The prosecuting authority in England for noise nuisance is your local authority. 

The police within England and Wales have very limited powers to deal with noise nuisance.

Police should be contacted if there is a risk of harm to an individual or damage to their property. They should also be contacted if there is a person present at the private dwelling who has been identified as vulnerable.

Where domestic violence is suspected to be linked to the noise please contact the police as soon as possible on 999.

Issues such as faulty house and car alarms or music from nearby entertainment premises or pubs can cause annoyance and stress to residents if not addressed. More often than not making people aware of the problem will resolve it.

If the noise is coming from a private dwelling, or as a result of a party within a private dwelling, then contact your local authority.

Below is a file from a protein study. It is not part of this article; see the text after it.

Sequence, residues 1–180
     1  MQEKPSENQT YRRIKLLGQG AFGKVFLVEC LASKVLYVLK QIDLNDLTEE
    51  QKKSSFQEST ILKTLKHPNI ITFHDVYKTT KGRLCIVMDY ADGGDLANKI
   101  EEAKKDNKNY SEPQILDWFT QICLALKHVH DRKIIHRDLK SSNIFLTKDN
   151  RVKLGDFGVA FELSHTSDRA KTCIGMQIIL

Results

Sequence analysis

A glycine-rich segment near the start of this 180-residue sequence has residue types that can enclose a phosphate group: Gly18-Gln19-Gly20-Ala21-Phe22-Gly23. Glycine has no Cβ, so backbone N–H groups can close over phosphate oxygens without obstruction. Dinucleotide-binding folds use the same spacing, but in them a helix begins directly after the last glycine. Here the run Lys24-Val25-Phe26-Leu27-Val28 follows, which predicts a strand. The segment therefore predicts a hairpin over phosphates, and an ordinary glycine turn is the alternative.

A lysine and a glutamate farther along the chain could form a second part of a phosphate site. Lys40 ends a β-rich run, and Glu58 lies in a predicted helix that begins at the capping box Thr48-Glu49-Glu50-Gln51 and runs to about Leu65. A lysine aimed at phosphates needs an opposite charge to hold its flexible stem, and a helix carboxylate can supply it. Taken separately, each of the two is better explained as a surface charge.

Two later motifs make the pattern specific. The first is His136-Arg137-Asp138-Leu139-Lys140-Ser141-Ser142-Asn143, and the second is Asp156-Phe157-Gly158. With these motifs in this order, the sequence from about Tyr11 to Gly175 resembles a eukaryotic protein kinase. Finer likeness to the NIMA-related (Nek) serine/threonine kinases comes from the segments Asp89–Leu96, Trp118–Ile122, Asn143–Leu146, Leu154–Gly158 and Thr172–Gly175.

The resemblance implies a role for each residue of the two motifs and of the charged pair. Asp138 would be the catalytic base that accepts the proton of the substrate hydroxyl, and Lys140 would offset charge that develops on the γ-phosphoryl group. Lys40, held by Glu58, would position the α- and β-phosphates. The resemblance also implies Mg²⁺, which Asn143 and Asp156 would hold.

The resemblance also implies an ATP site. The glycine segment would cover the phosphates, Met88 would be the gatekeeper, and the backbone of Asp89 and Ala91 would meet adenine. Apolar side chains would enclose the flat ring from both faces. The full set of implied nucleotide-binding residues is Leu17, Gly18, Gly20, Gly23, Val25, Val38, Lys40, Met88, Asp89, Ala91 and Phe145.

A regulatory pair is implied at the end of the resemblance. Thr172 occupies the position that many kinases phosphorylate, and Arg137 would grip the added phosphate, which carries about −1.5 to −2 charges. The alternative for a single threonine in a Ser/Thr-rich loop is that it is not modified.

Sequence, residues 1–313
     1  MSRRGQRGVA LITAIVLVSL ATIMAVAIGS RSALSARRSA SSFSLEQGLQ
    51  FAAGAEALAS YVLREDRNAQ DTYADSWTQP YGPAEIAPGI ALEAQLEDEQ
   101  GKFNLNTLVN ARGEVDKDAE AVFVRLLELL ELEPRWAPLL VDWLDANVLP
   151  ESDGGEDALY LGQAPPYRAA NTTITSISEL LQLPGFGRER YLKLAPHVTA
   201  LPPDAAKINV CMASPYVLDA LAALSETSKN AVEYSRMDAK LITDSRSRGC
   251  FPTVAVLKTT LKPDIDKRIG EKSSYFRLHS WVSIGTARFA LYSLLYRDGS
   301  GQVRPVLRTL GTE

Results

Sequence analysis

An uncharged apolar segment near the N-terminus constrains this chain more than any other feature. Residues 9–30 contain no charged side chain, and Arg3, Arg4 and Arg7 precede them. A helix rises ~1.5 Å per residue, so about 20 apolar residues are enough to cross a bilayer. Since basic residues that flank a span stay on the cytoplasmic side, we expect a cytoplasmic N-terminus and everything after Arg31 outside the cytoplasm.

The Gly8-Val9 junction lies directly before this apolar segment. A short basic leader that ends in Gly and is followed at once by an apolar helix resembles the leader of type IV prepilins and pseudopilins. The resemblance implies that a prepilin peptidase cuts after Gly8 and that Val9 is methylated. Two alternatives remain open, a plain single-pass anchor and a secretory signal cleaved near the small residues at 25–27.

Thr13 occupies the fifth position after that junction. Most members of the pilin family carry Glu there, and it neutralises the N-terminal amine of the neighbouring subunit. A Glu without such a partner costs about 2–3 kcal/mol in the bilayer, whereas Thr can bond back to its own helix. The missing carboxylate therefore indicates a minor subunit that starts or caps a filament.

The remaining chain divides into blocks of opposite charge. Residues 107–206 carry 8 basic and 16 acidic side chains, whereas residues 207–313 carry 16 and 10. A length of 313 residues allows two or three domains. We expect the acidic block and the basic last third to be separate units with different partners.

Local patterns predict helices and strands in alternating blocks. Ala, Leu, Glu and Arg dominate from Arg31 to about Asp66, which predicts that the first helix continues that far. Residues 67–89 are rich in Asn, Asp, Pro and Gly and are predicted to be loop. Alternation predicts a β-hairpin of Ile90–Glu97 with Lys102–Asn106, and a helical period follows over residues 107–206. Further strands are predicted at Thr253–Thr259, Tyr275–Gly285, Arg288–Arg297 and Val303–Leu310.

In certain circumstances it may not be appropriate for a member of the public to attempt to approach the noisy party. For example a vulnerable elderly resident. In such cases where vulnerability is an issue please contact 101 and allow the police to make an assessment as to the most appropriate course of action to resolve the issue.

Who deals with this?

Your local authority environmental health department has legal powers to deal with noise. In the first instance where vulnerability is not an issue, contact your local Council.


Contact Information

Further Guidance

Statutory noise nuisance is defined in part 3 of the 1990 Environmental Protection Act, as amended by the statutory nuisance act 1993 to deal with statutory nuisance.

If a nuisance is found to exist and is likely to occur or re-occur an abatement notice can be issued. A council can prosecute or apply for a warrant from a JP to seize and remove offending equipment. A council can apply for a deprivation order to allow the offending equipment to be retained. 

Dated: 04 Jul 2016